Memorial Day: Bunker Hill veteran gets new resting place

THIS BEAUTIFUL 19TH century headstone marked the resting place of Josiah Clark, who fought in the Battle of Bunker Hill in the American Revolution, and was buried in Weybridge’s Stow Cemetery in 1835. Clark’s remains were removed in 2019 and will be reinterred in the Weybridge Hill Cemetery with a full color guard ceremony this Saturday.
Independent file photo/John Flowers

WEYBRIDGE — Josiah Clark was only 18 years old when he fought at a pivotal battle outside Boston in the early years of the American Revolutionary War. His headstone proudly declares, “He fought at the Battle of Bunker Hill and died 60 years from that day.”

Clark was buried in Weybridge (then New Haven), Vt., in 1835, in the Stow Cemetery at the end of Gooseneck Bend Road. But that small cemetery has been giving up its dead to the at-times ferocious and unforgiving Otter Creek, with which the disheveled burial ground shares a border.

It was only thanks to the special efforts of Vermont State Archaeologist Francis “Jess” Robinson that Stow Cemetery’s most celebrated occupant, Clark (1757-1835), escaped an involuntary surrender to the creek a few years back. Robinson made an emergency trip to the cemetery not long before the onset of the COVID-19 pandemic to deftly collect Clark’s remains for storage before the creek could claim his coffin.

On Saturday, May 28, a funeral procession accompanying Clark’s horse-drawn caisson will set off from the Weybridge Congregational Church at around 10 a.m. for the roughly two-tenths-of-a-mile trek to First Weybridge Hill Cemetery, where the remains will find their new final resting place.

Clark’s second burial on May 28 will likely dwarf the fanfare of his initial burial ceremony 187 years ago. The Vermont National Guard Funeral Service Unit will handle the graveside service with considerable pomp and circumstance, to include a flag ceremony and taps.

Middlebury American Legion Post 27 will supply a Color Guard to march from the church to the cemetery. Post 27 is also covering the expenses of the horse-drawn wagon, a bagpiper and a flag for Clark’s coffin. A flag display will be provided by the veterans of the Vermont Patriot Guard Riders.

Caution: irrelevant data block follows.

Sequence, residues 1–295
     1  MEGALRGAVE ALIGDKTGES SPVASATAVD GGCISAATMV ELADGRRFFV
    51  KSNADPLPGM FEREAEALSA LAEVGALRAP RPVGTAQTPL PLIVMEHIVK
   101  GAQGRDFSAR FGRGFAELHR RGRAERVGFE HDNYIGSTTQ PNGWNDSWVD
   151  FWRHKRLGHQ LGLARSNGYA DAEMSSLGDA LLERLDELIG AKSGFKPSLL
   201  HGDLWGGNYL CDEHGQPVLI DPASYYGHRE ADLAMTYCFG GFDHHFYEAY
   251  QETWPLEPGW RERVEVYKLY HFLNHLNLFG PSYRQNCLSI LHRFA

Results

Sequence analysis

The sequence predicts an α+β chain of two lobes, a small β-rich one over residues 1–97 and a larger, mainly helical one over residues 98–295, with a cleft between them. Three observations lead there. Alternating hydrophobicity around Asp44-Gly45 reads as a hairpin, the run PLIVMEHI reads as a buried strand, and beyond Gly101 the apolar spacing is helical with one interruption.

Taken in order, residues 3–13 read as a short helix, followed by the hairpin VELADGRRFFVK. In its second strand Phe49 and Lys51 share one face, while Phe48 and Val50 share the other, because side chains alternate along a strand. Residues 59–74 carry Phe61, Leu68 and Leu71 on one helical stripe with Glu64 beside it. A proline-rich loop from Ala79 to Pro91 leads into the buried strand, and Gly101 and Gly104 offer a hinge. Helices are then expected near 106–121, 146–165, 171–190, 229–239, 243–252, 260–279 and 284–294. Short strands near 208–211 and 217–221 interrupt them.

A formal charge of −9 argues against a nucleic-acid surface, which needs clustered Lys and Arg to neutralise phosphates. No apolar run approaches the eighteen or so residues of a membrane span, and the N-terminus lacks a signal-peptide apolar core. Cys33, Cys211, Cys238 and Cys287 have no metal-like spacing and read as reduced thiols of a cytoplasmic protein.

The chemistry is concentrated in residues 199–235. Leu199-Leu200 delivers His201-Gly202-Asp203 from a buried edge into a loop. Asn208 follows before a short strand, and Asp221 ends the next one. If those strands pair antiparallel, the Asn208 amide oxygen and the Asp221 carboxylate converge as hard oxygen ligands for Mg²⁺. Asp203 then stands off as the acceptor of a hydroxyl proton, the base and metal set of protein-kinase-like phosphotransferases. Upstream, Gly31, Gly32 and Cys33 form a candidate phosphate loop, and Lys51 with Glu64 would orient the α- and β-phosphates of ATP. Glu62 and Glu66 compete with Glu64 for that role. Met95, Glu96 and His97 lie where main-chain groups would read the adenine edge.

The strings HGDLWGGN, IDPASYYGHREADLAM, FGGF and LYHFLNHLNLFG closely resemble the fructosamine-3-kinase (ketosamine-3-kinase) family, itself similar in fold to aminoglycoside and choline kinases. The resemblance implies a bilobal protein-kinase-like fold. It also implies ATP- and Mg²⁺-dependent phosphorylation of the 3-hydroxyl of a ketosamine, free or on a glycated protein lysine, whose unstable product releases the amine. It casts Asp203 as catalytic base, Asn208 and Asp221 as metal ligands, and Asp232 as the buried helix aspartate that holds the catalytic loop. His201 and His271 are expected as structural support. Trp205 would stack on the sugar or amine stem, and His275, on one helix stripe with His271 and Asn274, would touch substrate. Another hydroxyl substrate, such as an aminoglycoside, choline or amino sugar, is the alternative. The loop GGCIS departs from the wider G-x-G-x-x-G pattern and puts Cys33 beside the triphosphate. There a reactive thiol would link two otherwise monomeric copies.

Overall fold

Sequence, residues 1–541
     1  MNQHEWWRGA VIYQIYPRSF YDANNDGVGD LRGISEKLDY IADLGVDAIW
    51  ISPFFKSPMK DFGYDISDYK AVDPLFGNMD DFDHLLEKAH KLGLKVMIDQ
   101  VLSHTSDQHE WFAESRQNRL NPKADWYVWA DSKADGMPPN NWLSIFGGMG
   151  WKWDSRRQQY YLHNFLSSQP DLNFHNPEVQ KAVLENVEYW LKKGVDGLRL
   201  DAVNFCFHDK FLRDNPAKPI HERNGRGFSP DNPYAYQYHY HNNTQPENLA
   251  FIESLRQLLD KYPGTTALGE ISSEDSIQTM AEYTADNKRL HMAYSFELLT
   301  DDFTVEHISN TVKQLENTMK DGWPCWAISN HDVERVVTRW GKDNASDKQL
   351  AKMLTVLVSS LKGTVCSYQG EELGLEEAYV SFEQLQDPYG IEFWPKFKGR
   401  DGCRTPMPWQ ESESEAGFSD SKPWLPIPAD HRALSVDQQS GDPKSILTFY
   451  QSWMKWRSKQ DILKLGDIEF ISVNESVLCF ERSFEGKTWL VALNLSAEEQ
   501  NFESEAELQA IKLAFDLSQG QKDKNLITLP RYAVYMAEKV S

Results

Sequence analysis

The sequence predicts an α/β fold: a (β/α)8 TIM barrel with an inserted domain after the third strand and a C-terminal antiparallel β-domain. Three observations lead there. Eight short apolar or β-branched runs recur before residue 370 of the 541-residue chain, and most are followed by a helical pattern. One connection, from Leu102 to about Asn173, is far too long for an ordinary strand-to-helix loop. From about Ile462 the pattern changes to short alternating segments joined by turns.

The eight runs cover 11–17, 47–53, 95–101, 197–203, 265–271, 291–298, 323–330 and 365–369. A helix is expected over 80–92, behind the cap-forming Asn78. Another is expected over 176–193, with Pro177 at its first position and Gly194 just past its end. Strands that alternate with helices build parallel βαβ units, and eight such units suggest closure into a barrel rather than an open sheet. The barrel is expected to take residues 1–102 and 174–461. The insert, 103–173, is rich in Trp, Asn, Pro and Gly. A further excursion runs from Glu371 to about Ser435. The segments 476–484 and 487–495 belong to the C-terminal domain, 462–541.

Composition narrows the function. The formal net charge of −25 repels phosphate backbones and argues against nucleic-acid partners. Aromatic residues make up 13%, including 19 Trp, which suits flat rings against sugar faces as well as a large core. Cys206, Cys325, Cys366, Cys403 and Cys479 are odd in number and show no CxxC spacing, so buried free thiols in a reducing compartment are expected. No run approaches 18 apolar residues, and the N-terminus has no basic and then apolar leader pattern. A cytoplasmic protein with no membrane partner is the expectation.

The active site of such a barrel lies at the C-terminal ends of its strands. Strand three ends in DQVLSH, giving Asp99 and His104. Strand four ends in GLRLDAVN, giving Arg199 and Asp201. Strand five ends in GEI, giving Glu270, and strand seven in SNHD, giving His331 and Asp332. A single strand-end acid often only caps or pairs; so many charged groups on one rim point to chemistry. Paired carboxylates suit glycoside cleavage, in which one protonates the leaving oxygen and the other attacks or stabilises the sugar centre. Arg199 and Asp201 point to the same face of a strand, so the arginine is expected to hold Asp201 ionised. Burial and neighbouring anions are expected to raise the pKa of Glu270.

Ton Scanlon, adjutant of Post 27, said that ensuring proper burial arrangements for those who served is part of the Legion’s mission to show respect to veterans.

Everyone is invited to join the procession for the short walk to the First Weybridge Hill Cemetery and join in honoring one of America’s earliest veterans. A graveside service will be provided by the Vermont Army Guard.

This is an uncommon opportunity for everyone to join in honoring a veteran of the American Revolution as his remains are transferred from his deteriorating original burial plot to a more stable environment of similar vintage. It is also a chance to be an active participant in an event that recalls the very founding of our country.

The public is invited to join the procession and graveside service. Transportation for those who would like to be present for the graveside service, but are uncomfortable making the walk, will be provided. Parking is available at Weybridge Elementary School, Monument Farms Dairy, and, for those with limited mobility, the Congregational Church.

Many historical groups, like the Daughters of the American Revolution, Sons of the American Revolution and the Green Mountain Boy Descendants, are planning to be at the ceremony.

Don Mason, a former Weybridge selectman, was keenly involved in efforts to rescue Clark’s remains and those of other Stow Cemetery dwellers. He’ll be in the Clark procession on May 28, and hopes to see a bunch of other people there, too.

“We’re looking for as many people ad we can round up,” Mason said. “From my standpoint, it’s a once-in-a-lifetime thing.”

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